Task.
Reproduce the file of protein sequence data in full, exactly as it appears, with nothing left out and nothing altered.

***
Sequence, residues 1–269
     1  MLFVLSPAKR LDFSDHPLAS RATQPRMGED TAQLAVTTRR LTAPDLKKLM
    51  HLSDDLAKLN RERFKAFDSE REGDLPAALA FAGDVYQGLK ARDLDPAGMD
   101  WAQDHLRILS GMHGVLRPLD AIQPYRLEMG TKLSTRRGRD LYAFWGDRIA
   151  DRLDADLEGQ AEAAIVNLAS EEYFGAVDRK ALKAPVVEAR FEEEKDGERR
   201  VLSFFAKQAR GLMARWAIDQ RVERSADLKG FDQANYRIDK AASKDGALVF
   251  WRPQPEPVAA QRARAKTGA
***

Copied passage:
Sequence, residues 1–269
     1  MLFVLSPAKR LDFSDHPLAS RATQPRMGED TAQLAVTTRR LTAPDLKKLM
    51  HLSDDLAKLN RERFKAFDSE REGDLPAALA FAGDVYQGLK ARDLDPAGMD
   101  WAQDHLRILS GMHGVLRPLD AIQPYRLEMG TKLSTRRGRD LYAFWGDRIA
   151  DRLDADLEGQ AEAAIVNLAS EEYFGAVDRK ALKAPVVEAR FEEEKDGERR
   201  VLSFFAKQAR GLMARWAIDQ RVERSADLKG FDQANYRIDK AASKDGALVF
   251  WRPQPEPVAA QRARAKTGA